Injury at Kaikoura

During 1922 Cpl Klee was employed on a demolition task removing rocks in the Kaikoura Harbour when he suffered a fall. He slipped on wet rocks while recovering a failed charge of guncotton and he did not want to let the explosives he was carrying fall in case there was an explosion. He burst a blood vessel in his left leg which immobilised him for a day or two. L.SGT Klee received his Long and Efficient Service Medal at Kaikoura signing the receipt on 14 March.

Wreck of the SS Cyrena under demolition, Wanganui
(Source: Klee family album)

Demolition of the SS Cyrena Wreck at Wanganui

George Klee was promoted Sergeant on 1 February 1925. An early task after this promotion was to go to Wanganui together with RSM Smith and Sgts Gerrard and Woodward and demolish the wreck of the SS Cyrena there.

The ship was carrying a cargo of case oil and had run aground on a mushroom shoal formed by sand mounting round and over a sunken log. The ship suffered severe damage, the bottom of the vessel was found to be split right across and she eventually broke up behind the bridge. The Cyrena was 288 feet long, beam 39 feet and of 2,138 tons gross. No doubt it took some time to cut up.

Fort Kelburne above Ngauranga in 1964, when the Historic Places lost its appeal to have the old castellations preserved and after demolition had begun.
(Source: David McGill; The Pioneers of Port Nicolson, p.163, 1984 – photograph Alexander Turnbull Library)

Master of the Janie Seddon

A reference to another minor injury shows that Sgt Klee was involved on duty at Fort Kelburn in 1927 and late the same year he was made aware of a transfer to the General Duties Section in early 1928. On 28 February 1928 SSgt Klee was transferred from the RNZA, promoted W01 (Sergeant Major Coxswain), and appointed Master of the Defence Vessel Janie Seddon. He remained with this vessel until 1940. George Klee had attained the normal age for retiring on 8 September 1934 but was extended until he reached aged 60. On 28 August 1938 further approval was given for him to remain in service until 28 January 1940 but the outbreak of the war necessitated his services being retained. On 6 March 1940 he fell down the hold of his ship and sustained injuries to his right shoulder, fractured some ribs and injured his left knee. This resulted in his retirement on medical grounds having served for more than 37 years. He was retired on 31 December 1940 in his 62nd year. It would suggest that he was also entitled to two WW2 service medals in addition to those he is shown to have received. W01 George Klee was also qualified as an electrician, was regarded as a trustworthy, reliable and efficient Warrant Officer who kept his ship in good condition and required little supervisory management of his vessel.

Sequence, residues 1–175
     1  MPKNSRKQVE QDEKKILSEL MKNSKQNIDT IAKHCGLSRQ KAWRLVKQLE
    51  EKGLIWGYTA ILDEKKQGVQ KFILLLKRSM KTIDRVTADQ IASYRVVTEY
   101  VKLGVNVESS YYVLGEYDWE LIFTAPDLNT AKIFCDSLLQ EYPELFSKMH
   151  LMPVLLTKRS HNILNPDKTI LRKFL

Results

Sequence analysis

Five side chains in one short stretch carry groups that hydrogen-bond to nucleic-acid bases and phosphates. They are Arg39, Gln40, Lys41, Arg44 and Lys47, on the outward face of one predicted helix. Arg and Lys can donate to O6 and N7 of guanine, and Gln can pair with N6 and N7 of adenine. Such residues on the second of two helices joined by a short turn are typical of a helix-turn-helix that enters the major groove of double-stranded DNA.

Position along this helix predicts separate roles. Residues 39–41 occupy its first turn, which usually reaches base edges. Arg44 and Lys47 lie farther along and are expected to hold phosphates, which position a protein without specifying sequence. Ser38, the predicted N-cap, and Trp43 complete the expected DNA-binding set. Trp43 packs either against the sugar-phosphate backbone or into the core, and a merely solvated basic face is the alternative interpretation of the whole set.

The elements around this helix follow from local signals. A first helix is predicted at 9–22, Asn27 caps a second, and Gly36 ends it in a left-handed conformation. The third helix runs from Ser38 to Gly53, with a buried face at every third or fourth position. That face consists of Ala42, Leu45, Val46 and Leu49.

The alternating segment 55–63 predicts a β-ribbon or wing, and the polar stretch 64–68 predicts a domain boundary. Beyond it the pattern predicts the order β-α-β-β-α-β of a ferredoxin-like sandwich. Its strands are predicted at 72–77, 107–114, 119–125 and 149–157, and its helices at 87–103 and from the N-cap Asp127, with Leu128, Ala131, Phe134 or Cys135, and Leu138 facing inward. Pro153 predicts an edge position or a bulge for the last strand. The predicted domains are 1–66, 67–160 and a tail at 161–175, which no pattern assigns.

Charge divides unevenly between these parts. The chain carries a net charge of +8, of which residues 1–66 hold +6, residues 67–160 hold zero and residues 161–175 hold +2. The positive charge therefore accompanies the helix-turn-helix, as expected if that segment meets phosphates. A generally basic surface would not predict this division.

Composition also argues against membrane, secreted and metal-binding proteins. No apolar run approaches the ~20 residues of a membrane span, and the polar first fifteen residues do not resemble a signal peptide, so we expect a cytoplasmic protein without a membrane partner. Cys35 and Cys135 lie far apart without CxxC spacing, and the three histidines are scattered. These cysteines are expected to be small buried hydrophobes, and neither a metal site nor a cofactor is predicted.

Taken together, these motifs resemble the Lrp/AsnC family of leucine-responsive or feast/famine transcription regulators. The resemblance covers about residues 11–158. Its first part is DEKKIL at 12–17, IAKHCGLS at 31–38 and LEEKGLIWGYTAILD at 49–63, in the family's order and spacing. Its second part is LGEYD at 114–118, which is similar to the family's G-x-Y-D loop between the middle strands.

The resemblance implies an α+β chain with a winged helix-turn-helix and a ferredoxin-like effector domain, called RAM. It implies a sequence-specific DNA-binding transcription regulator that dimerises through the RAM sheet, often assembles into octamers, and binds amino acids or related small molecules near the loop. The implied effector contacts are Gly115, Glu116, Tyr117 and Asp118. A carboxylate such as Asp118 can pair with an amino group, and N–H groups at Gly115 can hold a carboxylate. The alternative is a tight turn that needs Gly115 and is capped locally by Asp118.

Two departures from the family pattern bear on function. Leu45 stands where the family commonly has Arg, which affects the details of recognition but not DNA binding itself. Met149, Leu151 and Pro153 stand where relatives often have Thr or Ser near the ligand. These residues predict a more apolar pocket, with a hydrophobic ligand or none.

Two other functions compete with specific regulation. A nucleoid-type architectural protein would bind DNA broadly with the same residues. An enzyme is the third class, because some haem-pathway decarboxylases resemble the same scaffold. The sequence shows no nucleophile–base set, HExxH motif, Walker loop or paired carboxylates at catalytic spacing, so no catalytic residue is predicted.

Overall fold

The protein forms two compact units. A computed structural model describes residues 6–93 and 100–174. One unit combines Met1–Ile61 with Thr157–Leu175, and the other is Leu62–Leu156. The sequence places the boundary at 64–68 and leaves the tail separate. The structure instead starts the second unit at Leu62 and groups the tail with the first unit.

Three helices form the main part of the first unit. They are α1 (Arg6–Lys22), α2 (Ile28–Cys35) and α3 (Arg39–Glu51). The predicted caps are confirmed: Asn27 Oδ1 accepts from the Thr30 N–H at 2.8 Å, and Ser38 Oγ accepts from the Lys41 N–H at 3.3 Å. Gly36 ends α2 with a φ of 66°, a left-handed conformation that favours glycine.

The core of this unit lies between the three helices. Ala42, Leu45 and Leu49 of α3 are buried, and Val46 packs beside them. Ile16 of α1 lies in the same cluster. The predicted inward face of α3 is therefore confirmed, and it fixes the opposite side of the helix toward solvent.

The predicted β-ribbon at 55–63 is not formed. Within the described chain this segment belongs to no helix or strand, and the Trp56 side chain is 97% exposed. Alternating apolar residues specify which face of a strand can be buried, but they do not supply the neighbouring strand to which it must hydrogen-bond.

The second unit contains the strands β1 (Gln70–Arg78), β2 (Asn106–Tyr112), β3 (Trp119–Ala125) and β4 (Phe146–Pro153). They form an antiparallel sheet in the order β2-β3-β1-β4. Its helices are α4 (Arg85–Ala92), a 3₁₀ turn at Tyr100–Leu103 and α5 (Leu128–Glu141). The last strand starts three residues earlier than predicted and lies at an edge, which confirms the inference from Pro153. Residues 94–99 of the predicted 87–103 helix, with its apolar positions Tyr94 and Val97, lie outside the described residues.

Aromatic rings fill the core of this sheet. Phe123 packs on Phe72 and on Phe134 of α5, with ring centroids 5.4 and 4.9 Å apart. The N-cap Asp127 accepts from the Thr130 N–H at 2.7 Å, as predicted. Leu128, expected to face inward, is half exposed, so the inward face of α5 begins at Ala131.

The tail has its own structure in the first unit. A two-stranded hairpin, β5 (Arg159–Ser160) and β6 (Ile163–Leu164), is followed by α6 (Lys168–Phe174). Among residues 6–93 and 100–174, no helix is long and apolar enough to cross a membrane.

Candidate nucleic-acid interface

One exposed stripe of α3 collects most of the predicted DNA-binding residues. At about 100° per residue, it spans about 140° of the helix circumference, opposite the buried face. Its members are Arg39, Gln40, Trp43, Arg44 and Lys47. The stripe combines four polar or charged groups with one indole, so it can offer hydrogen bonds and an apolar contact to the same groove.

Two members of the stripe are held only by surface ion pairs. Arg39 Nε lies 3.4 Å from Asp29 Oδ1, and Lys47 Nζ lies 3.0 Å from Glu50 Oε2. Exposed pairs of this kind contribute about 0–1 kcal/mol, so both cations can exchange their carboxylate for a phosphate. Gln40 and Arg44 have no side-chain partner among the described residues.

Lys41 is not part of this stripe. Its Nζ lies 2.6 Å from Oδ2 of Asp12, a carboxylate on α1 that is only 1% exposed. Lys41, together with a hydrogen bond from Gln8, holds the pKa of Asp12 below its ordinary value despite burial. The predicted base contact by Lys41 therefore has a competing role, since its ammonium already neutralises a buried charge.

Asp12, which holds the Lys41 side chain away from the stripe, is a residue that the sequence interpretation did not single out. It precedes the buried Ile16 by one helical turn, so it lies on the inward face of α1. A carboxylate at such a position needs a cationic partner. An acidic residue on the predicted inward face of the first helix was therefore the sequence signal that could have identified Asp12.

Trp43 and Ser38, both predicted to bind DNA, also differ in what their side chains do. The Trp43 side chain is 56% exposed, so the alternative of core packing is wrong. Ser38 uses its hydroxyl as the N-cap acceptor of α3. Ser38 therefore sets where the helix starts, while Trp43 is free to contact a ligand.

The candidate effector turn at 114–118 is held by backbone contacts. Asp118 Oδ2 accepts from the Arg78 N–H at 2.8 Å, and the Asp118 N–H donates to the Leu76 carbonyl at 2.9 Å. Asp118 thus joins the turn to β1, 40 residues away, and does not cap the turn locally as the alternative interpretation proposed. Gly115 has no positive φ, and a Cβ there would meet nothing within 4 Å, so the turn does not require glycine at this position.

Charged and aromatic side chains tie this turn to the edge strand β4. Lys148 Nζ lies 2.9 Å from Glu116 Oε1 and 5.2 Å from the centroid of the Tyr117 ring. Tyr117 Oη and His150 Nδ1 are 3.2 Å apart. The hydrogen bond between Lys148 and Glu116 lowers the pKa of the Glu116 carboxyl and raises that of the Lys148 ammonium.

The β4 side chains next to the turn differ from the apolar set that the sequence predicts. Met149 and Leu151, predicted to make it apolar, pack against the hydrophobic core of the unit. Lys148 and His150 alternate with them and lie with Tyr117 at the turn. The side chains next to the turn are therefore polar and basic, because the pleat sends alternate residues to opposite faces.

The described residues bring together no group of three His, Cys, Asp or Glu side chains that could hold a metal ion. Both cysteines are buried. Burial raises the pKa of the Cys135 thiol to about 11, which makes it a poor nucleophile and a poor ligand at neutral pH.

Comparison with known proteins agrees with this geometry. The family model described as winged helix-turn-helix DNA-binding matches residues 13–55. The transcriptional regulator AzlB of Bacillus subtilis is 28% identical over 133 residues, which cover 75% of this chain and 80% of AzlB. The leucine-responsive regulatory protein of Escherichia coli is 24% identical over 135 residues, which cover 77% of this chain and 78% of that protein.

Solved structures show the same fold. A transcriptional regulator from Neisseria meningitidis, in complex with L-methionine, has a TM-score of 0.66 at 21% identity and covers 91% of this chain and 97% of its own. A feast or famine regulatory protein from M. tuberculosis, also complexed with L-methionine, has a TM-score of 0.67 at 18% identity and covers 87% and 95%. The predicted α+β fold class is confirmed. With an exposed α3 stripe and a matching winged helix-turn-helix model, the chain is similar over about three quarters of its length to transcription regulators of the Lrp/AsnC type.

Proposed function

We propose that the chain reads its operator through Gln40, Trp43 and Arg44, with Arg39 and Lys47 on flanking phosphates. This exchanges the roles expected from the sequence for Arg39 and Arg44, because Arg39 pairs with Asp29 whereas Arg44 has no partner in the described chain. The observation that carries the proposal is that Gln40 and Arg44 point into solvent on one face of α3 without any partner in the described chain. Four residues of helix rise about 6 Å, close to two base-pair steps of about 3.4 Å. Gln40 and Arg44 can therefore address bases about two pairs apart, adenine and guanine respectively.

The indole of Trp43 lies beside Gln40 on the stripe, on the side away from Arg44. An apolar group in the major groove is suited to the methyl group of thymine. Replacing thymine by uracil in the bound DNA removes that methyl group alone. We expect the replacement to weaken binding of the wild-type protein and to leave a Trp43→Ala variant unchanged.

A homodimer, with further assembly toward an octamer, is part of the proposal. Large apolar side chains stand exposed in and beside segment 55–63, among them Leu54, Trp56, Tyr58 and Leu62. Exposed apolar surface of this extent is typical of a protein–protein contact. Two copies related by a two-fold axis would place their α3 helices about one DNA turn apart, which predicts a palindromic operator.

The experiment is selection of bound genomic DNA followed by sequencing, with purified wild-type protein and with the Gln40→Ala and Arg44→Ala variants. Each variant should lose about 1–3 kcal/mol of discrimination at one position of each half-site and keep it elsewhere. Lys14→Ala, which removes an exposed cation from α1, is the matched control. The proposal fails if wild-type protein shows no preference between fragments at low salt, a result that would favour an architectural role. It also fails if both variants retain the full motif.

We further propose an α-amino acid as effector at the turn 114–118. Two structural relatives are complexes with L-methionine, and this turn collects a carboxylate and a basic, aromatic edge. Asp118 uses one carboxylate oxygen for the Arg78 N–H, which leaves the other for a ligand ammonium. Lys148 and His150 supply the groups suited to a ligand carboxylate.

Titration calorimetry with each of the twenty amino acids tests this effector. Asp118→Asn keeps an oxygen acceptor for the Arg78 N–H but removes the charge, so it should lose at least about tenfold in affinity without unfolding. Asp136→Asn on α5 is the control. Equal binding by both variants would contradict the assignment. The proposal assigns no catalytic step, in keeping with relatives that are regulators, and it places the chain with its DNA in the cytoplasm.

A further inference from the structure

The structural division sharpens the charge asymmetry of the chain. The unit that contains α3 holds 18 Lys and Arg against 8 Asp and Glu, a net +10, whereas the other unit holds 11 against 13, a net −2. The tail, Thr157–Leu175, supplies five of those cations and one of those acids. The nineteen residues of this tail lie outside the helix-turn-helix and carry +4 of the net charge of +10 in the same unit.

George Klee on board the Janie Seddon


  • 11 August 1903 Enlisted as a Provisional Sapper
  • 11 February 1904 Promoted to Second Class Sapper
  • 1 October 1907 Remustered to Gunner
  • 1 December 1919 Promoted to Bomber
  • 1 February 1920 Appointed to Temporary Corporal
  • 1 February 1921 Promoted to Corporal
  • 1 October 1922 Appointed to Lance Sergeant
  • 1 February 1925 Promoted to Sergeant
  • 1 February 1928 Promoted to Staff Sergeant
  • 22 February 1928 Promoted to Warrant Officer First Class

Medal Entitlement

  • Queen’s South Africa Medal with four clasps, including “Orange Free State”, “Transvaal”, (4309 TPR G. Klee 7th NZMR)
  • British War Medal 1939-45, (entitled but not confirmed)
  • New Zealand War Service Medal 1939-45, (entitled but not confirmed)
  • Permanent Forces of the Empire Beyond the Seas Long Service and Good Conduct Medal
  • Meritorious Service Medal
  • New Zealand Long and Efficient Service Medal.